The Diffuse and Glossy Direct and Indirect each have an adjustment. I originally made this as a quick and dirty test to see how things would look. They looked interesting enough to be worth posting a picture to the facebook page, and enough people were interested that I decided to write this up. However, the filters used here each have their problems, and these are not ideal settings. I do not know if I would use any of them for a final piece of artwork, but it is useful to understand them, and others may wish to experiment.
The filter used here is Dilate/Erode, which enlarges or shrinks whatever you put into it. In this case, it is shrinking the area of the character, causing more black around the edges. This contributes to the edge lining effect. Dilate/Erode causes bad aliasing (jagged edges on diagonals). To reduce this, and soften its effects, it is blurred.
The largest change to the image comes from the Kirsch filter used here. Kirsch is an edge detection filter, with a side effect of creating a lot of squiggly high-frequency noise. It turns things white, so it needs to be inverted in this case. A small blur helps reduce the harshness. This all creates strong black lines on edges, deepening shadows and amplifying the edge lining effect. The high frequency noise helps break up the smoothness of the image, a similar effect to what might be done with charcoal rubbings or pencil scribbling. The effect on this layer is extremely strong and looks quite ugly on its own. But it needs to be this powerful to still make a difference after being mixed in with the rest.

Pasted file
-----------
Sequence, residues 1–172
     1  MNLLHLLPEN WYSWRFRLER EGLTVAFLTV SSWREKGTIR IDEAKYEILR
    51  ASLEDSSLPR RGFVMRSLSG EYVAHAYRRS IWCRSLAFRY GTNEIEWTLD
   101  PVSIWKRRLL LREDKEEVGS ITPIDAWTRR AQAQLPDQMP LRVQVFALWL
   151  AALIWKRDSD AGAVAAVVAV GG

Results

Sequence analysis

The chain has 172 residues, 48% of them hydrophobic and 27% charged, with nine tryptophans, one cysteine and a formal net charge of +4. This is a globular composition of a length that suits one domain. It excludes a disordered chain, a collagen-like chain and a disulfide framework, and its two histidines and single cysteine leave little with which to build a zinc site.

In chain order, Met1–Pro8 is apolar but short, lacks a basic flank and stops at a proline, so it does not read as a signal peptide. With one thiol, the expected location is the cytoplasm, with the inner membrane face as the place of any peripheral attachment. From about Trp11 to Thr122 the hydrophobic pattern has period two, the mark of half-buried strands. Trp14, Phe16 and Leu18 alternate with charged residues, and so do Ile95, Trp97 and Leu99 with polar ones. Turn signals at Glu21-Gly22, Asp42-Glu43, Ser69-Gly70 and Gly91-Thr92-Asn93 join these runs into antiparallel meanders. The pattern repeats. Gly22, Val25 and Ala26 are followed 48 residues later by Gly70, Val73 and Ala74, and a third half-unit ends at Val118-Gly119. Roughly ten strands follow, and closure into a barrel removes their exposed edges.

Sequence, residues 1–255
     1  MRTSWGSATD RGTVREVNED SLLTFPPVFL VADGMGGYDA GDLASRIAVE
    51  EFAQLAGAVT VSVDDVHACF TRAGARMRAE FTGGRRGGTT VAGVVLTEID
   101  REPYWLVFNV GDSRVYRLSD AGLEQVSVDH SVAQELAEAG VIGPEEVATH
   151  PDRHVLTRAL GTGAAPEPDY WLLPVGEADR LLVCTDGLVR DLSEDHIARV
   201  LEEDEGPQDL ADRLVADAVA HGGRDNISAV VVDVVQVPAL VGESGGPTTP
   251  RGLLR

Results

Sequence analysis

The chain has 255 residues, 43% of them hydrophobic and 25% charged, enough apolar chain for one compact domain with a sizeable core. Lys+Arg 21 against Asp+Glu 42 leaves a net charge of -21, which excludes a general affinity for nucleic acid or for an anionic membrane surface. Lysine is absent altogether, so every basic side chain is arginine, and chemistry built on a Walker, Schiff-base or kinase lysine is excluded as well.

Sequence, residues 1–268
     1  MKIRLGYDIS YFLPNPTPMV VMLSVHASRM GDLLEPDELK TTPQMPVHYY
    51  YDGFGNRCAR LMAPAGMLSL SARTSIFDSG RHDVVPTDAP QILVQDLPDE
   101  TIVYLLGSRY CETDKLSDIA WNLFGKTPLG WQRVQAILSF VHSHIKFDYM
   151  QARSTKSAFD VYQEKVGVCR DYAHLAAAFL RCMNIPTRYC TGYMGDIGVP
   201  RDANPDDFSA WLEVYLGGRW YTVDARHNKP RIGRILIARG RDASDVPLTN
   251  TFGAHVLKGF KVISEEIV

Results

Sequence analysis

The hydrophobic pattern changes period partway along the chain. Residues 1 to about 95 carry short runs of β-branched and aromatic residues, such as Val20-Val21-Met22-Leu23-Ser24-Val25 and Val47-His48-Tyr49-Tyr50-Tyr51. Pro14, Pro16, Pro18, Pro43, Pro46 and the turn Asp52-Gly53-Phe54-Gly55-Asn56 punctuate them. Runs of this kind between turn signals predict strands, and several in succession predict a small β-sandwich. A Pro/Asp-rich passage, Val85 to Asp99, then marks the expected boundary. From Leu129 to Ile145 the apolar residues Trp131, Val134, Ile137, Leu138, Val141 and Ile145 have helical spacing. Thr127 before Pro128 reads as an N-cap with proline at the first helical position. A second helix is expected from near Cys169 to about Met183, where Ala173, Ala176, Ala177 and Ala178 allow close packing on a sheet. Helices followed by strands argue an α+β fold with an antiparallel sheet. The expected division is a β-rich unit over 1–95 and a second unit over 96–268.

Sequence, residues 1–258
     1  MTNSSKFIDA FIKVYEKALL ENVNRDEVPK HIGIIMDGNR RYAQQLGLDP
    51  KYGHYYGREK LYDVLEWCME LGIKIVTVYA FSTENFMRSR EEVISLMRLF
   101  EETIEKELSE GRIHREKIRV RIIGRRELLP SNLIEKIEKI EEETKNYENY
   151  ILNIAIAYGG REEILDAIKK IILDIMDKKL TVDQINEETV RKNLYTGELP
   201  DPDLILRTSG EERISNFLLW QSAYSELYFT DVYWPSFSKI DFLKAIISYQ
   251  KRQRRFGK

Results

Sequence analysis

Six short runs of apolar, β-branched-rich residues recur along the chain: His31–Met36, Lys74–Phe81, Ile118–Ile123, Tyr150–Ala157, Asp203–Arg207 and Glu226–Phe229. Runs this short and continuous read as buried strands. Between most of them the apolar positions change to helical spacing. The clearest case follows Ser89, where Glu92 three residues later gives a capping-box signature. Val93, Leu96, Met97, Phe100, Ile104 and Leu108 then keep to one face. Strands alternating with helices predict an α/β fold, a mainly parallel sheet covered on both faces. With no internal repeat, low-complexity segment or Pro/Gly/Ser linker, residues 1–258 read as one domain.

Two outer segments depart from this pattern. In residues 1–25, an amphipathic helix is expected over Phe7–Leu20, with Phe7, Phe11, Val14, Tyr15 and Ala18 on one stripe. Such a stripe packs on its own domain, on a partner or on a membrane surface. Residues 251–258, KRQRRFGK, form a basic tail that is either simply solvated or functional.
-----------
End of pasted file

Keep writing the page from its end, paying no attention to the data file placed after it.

Kirsch is a fun tool, but it has problems. Artistically, it makes a bit of a mess. For this particular image, that works out. But that is because I found a Factor that worked. However, I'd probably need entirely different settings for other sorts of characters or objects. This makes it less useful as a global part of a style. In the end, I'd like a set of compositor nodes that I can plug almost anything into and have it work out with minimal tweaks.
The larger issues are technical. Kirsch can easily create fireflies—individual pixels with extremely high values. These can take additional nodes to remove, but cannot always be removed cleanly. If left in, they can cause big problems depending on what other nodes you use. For example, see the large black dots around the shoulders, boots, and knee pads. These are caused by the extreme values of the firefly pixel being blurred over to neighboring pixels.
These fireflies could be helped by properly Clamping the Kirsch result, but this introduces other problems. Kirsch gives results that are not restricted between 0 and 1, as most values are. This gets much worse if you use factors above 1. The reason it is so visible in the final image is because it has values as high as the 5 (or -5 after being inverted.) When the passes are combined, these high values beat out the more reasonable values between 0 and 1 coming from other passes. This could be solved with other combining methods, but that faces other Clamping challenges. More on that further down.